88. The Proceedings of the Twentieth World Congress of Philosophy: Volume > 2
Robert van Gulick Taking a Step Back from the Gap
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In this paper, I reflect on the assumptions implicit in the psychophysical explanatory gap metaphor. There are clearly gaps in our current understanding of the psycho-physical link, but how great are they? Are they different in kind from other gaps in our understanding of the world that cause us less metaphysical and epistemological distress? Further, why are we supposed to regard the gaps in our psychological understanding differently? Rather than assess such theories of why a special gap exists, I want to take a somewhat skeptical look at the underlying assumption that the gap is all that special.
89. The Proceedings of the Twentieth World Congress of Philosophy: Volume > 2
Robert Kane New Directions on Free Will
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Libertarian or incompatibilist conceptions of free will (according to which free will is incompatible with determinism) have been under withering attack in the modern era of Western philosophy as obscure and unintelligible and have been dismissed as outdated by many twentieth century philosophers and scientists because of their supposed lack of fit with modern images of human beings in the natural and human sciences. In a recent book (The Significance of Free Will), I attempt to reconcile incompatibilist free will with new images of human beings emerging in the physical, biological, behavioral, cognitive, and neuro-sciences—avoiding the usual libertarian appeals to obscure or mysterious forms of agency or causation. In this paper, I extend that effort with special attention to the relation of libertarian free will to recent research on neural networks and cognition and to recent philosophical debates about freedom, control, rationality and responsibility.
90. The Proceedings of the Twentieth World Congress of Philosophy: Volume > 2
Saul Smilansky Free Will: The Positive Role of Illusion
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In the following essay, I attempt to defend a novel position on ‘the free will problem’. In particular, I intend to provide (in outline) a position based on the descriptively central and normatively crucial role of illusion in the free will issue. Illusion, I claim, is the vital but neglected key to the free will problem. The proposed position, which can be called ‘Illusionism’, can be defended independently from its derivation from P. F. Strawson’s ‘reactive-naturalism’. However, since the role of illusion emerges only at a late stage of the train of arguments pertaining to free will, we will get to our destination by ‘free-riding’ most of the way on Strawson’s train, and then continue a bit further by ourselves, into the uncharted and dangerous Land Of Illusion.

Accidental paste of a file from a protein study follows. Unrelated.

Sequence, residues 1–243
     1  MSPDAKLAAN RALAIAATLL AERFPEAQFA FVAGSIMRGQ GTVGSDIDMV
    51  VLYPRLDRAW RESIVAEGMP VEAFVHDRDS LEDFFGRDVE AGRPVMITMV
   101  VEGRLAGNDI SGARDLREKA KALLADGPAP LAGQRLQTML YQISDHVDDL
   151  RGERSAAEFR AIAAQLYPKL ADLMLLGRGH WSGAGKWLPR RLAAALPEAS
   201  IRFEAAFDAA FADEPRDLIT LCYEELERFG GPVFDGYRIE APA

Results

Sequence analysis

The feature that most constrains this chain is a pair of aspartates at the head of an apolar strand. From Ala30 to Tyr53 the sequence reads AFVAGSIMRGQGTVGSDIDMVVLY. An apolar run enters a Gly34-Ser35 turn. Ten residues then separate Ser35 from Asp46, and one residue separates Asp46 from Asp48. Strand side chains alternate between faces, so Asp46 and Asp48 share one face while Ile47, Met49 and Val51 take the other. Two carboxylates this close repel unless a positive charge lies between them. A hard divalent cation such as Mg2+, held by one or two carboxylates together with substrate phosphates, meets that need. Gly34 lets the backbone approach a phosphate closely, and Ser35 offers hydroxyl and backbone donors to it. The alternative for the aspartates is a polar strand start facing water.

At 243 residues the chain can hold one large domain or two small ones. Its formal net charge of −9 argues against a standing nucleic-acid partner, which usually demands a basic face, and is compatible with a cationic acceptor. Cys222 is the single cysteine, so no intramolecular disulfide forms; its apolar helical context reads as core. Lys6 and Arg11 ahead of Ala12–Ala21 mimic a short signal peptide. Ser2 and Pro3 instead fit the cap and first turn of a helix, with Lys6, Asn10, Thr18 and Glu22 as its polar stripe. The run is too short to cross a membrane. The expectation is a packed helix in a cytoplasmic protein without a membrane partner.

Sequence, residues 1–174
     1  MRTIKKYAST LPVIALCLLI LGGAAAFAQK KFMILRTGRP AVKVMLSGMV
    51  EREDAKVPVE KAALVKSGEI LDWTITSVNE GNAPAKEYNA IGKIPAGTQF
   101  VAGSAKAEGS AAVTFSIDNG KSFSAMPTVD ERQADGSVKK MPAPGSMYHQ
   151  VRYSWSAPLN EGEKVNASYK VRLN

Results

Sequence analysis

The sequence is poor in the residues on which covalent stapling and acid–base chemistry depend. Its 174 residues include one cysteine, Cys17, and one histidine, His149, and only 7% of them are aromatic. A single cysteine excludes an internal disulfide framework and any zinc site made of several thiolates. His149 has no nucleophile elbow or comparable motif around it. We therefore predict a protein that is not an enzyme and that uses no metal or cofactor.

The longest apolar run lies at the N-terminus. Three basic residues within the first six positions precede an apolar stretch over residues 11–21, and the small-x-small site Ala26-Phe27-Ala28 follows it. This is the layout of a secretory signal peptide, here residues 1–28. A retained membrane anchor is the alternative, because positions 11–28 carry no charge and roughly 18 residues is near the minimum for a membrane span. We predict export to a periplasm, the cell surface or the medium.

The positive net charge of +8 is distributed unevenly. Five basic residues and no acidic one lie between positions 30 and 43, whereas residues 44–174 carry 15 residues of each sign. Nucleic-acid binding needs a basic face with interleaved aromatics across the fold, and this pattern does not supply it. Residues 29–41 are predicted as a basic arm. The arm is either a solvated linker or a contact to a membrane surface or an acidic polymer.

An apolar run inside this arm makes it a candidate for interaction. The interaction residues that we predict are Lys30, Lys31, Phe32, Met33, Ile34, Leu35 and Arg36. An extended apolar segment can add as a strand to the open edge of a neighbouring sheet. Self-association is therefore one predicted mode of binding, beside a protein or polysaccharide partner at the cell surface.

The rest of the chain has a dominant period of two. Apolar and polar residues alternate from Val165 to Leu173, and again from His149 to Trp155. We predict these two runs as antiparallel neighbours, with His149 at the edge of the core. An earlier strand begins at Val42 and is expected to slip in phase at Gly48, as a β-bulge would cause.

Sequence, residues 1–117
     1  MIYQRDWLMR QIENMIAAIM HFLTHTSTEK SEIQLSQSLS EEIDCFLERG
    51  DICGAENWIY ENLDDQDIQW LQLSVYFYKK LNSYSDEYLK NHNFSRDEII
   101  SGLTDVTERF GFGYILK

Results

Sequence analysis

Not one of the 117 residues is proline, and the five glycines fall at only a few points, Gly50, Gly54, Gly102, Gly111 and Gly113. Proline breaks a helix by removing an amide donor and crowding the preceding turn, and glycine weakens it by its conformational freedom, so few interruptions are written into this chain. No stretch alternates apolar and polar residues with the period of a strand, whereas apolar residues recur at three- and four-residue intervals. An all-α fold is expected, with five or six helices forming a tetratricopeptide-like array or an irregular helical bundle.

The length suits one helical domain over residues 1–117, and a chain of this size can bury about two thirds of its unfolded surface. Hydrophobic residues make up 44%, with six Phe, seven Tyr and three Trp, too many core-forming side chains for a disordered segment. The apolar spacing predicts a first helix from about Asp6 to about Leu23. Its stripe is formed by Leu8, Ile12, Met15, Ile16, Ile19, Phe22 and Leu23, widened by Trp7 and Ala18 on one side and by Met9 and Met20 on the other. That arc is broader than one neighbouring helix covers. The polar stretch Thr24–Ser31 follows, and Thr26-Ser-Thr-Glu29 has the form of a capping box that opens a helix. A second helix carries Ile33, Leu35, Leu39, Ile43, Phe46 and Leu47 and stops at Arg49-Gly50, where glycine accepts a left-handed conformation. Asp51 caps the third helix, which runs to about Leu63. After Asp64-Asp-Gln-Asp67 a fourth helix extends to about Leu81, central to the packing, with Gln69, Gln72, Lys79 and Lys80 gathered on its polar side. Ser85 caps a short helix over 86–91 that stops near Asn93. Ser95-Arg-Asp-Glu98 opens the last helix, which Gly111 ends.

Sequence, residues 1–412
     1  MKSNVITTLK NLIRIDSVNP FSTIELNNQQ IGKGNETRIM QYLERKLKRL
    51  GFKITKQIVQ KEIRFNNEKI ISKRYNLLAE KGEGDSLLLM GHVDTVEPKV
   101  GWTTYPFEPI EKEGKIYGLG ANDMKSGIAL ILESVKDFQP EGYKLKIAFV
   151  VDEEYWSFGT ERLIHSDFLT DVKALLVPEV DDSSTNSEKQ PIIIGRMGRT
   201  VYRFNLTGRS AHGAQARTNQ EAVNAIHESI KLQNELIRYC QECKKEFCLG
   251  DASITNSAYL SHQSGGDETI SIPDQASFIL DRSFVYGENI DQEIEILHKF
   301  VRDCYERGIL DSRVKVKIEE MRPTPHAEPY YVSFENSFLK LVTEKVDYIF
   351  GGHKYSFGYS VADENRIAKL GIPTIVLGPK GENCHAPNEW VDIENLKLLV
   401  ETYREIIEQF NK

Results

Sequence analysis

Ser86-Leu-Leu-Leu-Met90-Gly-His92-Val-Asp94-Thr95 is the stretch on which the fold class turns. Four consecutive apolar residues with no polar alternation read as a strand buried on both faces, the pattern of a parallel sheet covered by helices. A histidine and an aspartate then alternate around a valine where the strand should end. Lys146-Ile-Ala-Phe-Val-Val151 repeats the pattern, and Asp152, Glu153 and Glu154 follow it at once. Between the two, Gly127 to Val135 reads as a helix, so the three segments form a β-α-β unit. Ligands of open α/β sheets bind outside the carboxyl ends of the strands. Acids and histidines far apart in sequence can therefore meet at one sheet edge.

91. The Proceedings of the Twentieth World Congress of Philosophy: Volume > 2
Ludger Honnefelder Reconsidering the Tradition of Metaphysics: The Medieval Example (Aquinas, Duns Scotus, Ockham)
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In what follows, I argue that the thinkers of the twelfth to thirteenth century rediscovered and passed on the questions of metaphysics; in what I call the second beginning of metaphysics they also developed those questions in such a way that they could be received into the thinking of the modern era in the first place. It was precisely the theological context which forced this development and lead the theologians of the Latin West, inspired by their Arabic predecessors, to redesign metaphysics according to the rules of Aristotle’s logic and philosophy of science. Put differently, through the challenge of theology medieval metaphysics was forced to become what it had claimed to be from the onset: first philosophy.
92. The Proceedings of the Twentieth World Congress of Philosophy: Volume > 2
Arda Denkel Transience and Identity
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Mellor’s theory of time includes the doctrines that (a) objectively, time does not embody tense or temporal properties other than those contained in the B-series, (b) particular objects are endurers, and (c) objectively, time does not flow. I show that these theses cannot all be true together, and that one must be rejected. Since (a) is basic to Mellor’s approach, then assuming that he would not adopt a perdurantist ontology, it follows that he should give up (c). Denying (c), however, is compatible with the essentials of his position. The falsity of (c) does not imply any version of the A-theory, and the B-theory can allow for the motion of diachronically identical entities through the dates over which their careers extend.
93. The Proceedings of the Twentieth World Congress of Philosophy: Volume > 2
Loretta Torrago Vagueness and Identity
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The view that identity can be vague is the view that there are statements of identity which are neither true or false. The view that composition can be vague is the view that unities can have borderline-constituents—elements that are neither parts nor non-parts of some larger unity. The case for vague identity is typically made by way of an argument for the vagueness of composition. In what follows, I argue that vague identity does not depend on the vagueness of composition; furthermore, the thesis that composition can be vague is actually incompatible with the thesis of vague identity.
94. The Proceedings of the Twentieth World Congress of Philosophy: Volume > 2
Roger Wertheimer Identity Syntax